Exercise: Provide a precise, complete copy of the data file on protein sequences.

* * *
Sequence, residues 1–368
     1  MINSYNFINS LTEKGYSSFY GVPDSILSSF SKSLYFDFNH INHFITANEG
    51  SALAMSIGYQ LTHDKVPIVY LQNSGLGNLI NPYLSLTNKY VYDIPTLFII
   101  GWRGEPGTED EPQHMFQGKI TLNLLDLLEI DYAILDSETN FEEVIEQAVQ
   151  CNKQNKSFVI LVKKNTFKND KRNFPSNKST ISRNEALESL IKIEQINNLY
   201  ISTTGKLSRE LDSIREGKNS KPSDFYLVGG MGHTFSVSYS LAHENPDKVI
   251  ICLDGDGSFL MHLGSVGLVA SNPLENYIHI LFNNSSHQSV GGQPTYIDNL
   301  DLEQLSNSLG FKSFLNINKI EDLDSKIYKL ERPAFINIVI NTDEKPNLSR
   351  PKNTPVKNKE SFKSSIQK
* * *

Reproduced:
Sequence, residues 1–368
     1  MINSYNFINS LTEKGYSSFY GVPDSILSSF SKSLYFDFNH INHFITANEG
    51  SALAMSIGYQ LTHDKVPIVY LQNSGLGNLI NPYLSLTNKY VYDIPTLFII
   101  GWRGEPGTED EPQHMFQGKI TLNLLDLLEI DYAILDSETN FEEVIEQAVQ
   151  CNKQNKSFVI LVKKNTFKND KRNFPSNKST ISRNEALESL IKIEQINNLY
   201  ISTTGKLSRE LDSIREGKNS KPSDFYLVGG MGHTFSVSYS LAHENPDKVI
   251  ICLDGDGSFL MHLGSVGLVA SNPLENYIHI LFNNSSHQSV GGQPTYIDNL
   301  DLEQLSNSLG FKSFLNINKI EDLDSKIYKL ERPAFINIVI NTDEKPNLSR
   351  PKNTPVKNKE SFKSSIQK